Today we’re going to test your knowledge about Social Security. Social Security is one of those things that most of us don’t think much about until we get close to retirement. Of course, that's only natural! However, I’m in business to help you put all the pieces together before and when you get to this phase.
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How much do you really know about Social Security?
I want to share with you a Social Security quiz I heard about recently on a podcast episode with financial advisor Benjamin Brandt, who is in my coaching program and has a practice similar to mine in North Dakota.
For the quiz, MassMutual Insurance polled 1,500 near-retirees aged 55-65 who had not started collecting Social Security to see if they could answer 12 true or false questions about Social Security.
52% of the people surveyed got a D or an F, meaning they answered fewer than 9 out of 12 questions correctly.
Only 3% of those polled got all 12 questions correct.
This helps amplify the need for what we do - helping put all the pieces together in a retirement plan that includes how Social Security fits into everyone’s individual circumstances.
How do you think you would do on the same quiz? Since you are reading this blog, you are probably more educated about Social Security than the average American. But let’s find out!
Try to answer each true or false question for yourself. The answers are provided at the end. Can you get at least 9 out of 12 correct?
Social Security True or False?
1. If I take Social Security benefits before my full retirement age, those benefits will be reduced for early filing.
2. If I receive benefits before my full retirement age and continue to work, my Social Security benefits might be reduced based on how much I make.
3. Once I start collecting Social Security, my benefits will never change.
4. If my spouse passes away, I will continue to receive both my full benefit and my deceased spouse’s full benefit.
5. My spouse can receive benefits from my earnings record if he or she has no individual earnings history.
6. The money that comes out of my paycheck for Social Security goes into a specific account for me and remains there, earning interest, until I begin to receive Social Security benefits.
7. Under current Social Security law, the full retirement age for Social Security is 65 no matter when you were born.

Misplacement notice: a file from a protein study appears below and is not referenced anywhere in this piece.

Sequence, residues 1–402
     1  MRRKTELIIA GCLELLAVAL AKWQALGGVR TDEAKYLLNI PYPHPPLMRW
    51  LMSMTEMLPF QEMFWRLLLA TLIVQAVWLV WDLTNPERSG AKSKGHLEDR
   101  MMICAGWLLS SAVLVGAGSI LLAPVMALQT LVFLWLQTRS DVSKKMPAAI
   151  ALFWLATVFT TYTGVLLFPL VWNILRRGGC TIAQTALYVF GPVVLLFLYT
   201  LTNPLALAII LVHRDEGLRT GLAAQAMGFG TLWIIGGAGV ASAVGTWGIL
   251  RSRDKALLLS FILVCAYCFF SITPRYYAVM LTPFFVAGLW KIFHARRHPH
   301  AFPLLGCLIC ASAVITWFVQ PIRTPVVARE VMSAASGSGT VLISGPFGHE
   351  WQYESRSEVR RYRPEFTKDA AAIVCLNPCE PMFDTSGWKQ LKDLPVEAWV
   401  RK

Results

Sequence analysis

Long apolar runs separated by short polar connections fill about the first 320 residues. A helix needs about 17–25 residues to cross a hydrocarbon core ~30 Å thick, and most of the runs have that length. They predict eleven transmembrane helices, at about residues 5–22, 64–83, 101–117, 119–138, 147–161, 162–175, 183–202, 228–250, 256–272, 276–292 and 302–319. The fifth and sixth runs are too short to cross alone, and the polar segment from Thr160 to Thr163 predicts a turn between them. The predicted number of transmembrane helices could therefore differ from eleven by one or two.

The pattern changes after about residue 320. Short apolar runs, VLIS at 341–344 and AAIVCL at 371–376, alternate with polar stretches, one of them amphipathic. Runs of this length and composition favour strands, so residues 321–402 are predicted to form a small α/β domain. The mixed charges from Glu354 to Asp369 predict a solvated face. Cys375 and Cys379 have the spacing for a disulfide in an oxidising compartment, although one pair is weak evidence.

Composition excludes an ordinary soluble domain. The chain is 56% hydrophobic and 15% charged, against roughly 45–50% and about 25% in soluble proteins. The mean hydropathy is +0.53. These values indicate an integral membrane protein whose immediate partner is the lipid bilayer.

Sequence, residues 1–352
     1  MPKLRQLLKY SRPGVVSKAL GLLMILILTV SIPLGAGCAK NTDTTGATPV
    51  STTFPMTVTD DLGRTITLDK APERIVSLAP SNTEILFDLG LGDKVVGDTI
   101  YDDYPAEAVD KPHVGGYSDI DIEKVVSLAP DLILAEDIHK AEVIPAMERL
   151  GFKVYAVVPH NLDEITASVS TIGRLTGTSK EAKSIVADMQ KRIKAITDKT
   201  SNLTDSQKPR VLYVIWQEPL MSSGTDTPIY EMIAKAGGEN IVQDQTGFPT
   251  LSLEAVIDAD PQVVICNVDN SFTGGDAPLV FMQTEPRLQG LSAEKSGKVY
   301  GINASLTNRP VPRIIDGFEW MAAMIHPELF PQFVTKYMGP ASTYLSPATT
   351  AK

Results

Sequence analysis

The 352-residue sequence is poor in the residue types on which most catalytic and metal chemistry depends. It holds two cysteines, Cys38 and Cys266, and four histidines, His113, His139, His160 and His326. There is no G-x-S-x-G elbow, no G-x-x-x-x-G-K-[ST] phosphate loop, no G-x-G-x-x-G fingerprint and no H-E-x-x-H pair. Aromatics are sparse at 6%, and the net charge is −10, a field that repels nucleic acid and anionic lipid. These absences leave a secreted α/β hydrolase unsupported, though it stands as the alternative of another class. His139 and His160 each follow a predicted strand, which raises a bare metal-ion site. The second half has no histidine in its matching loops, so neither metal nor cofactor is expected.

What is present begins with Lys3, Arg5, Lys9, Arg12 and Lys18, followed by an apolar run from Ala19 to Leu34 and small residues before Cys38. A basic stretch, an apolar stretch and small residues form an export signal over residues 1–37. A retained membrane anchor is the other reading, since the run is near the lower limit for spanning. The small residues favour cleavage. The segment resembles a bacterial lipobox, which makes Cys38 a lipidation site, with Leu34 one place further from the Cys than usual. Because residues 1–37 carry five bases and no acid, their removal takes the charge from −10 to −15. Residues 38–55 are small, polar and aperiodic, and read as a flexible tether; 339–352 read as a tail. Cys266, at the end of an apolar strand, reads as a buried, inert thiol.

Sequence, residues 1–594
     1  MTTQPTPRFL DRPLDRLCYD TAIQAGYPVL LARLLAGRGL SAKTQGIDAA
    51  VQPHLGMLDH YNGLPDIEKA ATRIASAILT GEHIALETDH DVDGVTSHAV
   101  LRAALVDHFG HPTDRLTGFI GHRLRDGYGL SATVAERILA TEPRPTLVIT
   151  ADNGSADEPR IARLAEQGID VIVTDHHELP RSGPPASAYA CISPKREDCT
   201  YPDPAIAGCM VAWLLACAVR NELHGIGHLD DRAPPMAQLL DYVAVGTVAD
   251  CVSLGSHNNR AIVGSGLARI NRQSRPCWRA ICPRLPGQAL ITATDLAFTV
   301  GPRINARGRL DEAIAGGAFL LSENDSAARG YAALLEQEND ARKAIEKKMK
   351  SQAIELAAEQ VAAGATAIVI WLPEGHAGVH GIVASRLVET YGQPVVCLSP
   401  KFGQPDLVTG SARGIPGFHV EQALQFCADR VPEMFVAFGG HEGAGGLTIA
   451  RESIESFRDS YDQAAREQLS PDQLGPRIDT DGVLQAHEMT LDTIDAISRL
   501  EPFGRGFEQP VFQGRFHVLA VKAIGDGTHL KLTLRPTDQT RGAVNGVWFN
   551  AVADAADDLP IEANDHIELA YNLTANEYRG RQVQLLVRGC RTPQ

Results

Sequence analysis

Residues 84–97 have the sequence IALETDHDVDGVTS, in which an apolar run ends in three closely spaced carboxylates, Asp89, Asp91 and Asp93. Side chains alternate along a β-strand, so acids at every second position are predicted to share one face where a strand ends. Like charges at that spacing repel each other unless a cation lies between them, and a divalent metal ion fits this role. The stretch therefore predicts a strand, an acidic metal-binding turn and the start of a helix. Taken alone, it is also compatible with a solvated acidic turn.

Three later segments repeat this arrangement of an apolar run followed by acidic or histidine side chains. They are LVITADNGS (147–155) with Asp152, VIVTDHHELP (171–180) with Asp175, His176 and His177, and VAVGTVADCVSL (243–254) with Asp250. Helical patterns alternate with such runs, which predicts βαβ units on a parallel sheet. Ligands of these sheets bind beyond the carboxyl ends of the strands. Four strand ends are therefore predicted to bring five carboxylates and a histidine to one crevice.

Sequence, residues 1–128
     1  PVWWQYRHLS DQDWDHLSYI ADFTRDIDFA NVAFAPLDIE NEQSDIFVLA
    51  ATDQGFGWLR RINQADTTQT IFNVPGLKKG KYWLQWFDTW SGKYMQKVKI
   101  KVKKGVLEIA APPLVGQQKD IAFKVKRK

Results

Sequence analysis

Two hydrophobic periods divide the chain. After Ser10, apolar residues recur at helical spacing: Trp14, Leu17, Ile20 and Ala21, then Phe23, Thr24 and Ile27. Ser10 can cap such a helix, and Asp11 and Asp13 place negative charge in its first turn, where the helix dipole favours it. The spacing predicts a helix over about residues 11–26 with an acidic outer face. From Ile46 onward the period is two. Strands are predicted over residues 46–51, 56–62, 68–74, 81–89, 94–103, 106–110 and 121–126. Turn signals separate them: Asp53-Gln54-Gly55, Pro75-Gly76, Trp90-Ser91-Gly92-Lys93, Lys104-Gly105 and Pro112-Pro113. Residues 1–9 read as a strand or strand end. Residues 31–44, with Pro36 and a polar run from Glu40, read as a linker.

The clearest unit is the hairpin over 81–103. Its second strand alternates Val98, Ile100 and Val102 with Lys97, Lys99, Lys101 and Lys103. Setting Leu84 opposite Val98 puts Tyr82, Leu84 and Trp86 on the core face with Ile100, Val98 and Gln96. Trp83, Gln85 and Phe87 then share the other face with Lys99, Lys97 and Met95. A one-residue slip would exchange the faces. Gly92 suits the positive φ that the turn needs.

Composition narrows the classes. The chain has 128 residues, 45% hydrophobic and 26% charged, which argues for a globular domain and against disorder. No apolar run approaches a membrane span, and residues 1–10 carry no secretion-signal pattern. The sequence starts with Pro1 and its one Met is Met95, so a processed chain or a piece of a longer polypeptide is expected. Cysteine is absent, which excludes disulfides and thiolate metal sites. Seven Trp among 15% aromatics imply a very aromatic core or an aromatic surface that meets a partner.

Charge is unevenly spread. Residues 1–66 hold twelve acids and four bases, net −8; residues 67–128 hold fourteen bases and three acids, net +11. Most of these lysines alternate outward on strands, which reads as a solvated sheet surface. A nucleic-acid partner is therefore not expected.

8. As a divorced person, I might be able to collect Social Security benefits based on my ex-spouse’s earnings history.
9. Under current law, Social Security benefits could be reduced for everyone in 2035.
10. If I file for Social Security benefits and have dependent children age 18 or younger, they may also qualify for Social Security benefits.
11. If I delay taking Social Security benefits past the age of 70, I will continue to get delayed retirement credit increases each year I wait.
12. I must be a U.S. citizen to collect Social Security retirement benefits
Social Security Answers
1. The answer is True. If you take Social Security benefits before your full retirement age, your benefits will be reduced.
2. The answer is True. If you make more than $18,240 in 2020, your benefits will be reduced.
3. The answer is False. Most years there are increases in benefits due to inflation.
4. The answer is False. You will continue to receive the largest of the 2 benefits.
5. The answer is True. You are able to claim your own benefit or 50% of your spouse’s benefit, whichever is larger.
6. The answer is False. Your future benefit will be paid for by future workers.
7. The answer is False. 65 is the age at which you can file for Medicare regardless of the year you were born. The full retirement age for Social Security is currently anywhere between 66 and 67.
8. The answer is True. If specific requirements are met and you haven’t remarried and you were married at least 10 years, you can claim 50% of your ex-spouse’s benefits.
9. The answer is True. But don’t pay too much attention to the date because this fluctuates with the strength of the economy, employment rate, and other factors.
10. The answer is True. But this is probably not worth filing for early, but there could be exceptions.
11. The answer is False. Your benefits will cap at age 70 at 132% of your benefits at full retirement age.
12. The answer is False. If you paid into the Social Security system, you are eligible to collect benefits.